Lisa: I read constantly, everything from cereal boxes to fanfic to whatever novel I can get my hands on. You can definitely tell when I’ve been reading a lot of the same author, or when one has made a big impact on me, because everything I write starts to sound like them. Which can be great! I’d give a lot to have the same facility with conversation and dialogue as my favorites. I don’t think I’ve developed a distinct voice of my own, so that’s something I’m working on.
Kerstin: How bad are your Mondays?
Lisa: Bad! I got a little too used to long weekends over the holidays.
Kerstin: So Seething Bay. It’s not really an easy game to win . . .
Lisa: I’m actually delighted that you would say that. This might not be entirely true, but I’m convinced I never made it out of a choose-your-adventure book alive without cheating.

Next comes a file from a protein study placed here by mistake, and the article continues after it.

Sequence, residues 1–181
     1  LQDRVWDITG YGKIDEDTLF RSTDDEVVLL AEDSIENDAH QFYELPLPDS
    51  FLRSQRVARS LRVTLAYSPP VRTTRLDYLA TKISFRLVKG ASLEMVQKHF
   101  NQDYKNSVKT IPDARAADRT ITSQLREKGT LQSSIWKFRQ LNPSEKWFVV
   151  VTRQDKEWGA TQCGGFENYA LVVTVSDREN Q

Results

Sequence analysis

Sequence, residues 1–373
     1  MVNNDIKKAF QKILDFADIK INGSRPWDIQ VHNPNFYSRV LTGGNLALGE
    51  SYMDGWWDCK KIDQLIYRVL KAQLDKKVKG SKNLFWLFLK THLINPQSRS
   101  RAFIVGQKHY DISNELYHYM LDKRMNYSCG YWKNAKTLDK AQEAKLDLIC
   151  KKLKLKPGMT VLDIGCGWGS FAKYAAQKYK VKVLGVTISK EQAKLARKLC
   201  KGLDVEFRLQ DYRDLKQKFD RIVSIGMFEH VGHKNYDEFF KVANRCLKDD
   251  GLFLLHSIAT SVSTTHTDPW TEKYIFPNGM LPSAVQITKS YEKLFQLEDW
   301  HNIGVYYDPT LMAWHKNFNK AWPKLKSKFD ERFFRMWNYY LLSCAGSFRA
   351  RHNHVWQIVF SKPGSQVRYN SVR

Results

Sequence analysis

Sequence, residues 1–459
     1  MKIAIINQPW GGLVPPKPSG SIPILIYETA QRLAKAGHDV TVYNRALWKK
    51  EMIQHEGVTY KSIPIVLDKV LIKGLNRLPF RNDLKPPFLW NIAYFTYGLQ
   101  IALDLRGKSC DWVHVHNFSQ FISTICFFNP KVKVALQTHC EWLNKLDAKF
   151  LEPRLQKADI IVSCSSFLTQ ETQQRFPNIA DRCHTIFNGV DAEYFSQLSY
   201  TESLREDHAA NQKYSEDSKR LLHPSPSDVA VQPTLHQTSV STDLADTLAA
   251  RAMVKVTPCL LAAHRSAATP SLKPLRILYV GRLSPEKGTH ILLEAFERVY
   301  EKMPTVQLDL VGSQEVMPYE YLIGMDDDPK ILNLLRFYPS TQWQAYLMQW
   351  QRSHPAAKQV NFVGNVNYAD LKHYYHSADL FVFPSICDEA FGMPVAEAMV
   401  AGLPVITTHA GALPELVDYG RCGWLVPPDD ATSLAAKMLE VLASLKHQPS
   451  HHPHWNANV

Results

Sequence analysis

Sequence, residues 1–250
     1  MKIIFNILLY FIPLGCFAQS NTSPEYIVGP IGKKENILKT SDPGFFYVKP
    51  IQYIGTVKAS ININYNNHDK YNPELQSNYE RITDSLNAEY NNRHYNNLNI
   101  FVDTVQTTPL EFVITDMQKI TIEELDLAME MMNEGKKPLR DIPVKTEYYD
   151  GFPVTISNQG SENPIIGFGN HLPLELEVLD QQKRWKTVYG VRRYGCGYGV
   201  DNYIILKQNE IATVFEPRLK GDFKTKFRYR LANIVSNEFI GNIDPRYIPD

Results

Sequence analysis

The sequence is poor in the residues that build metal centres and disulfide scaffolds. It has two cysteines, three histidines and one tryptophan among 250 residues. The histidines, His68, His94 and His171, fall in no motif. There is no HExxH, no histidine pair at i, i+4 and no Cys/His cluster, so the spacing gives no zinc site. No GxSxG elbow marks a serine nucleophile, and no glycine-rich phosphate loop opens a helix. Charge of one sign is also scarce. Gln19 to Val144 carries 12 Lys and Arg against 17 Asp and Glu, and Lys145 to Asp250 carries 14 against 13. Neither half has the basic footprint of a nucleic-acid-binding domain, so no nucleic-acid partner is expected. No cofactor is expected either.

Kerstin: Players of Seething Bay certainly get to relive that difficulty curve. So many ways to die! What were you trying to say with the piece?
Lisa: You know, it was originally going to be a story about a character trying to get out of a regular old Earth office building at the end of a workday and running into all these obstacles. Like Dilbert meets a Klingon gauntlet, minus the weird sexism and the pain sticks.
When I started it, I was in school full-time and long-distance, and I’d recently taken on a new role at work. So Seething Bay was born from that frustration of just never having enough time, and the pressure to get things done so I could relax for a few minutes.
As the story took on more of a sci-fi future setting, I thought about what it might mean for the people working for these huge companies on the moon. In the end, it didn’t seem like it would be much different to nowadays, where most people are dependent on the value a company places on their work ability. Just, on the moon, you have much less of a safety net.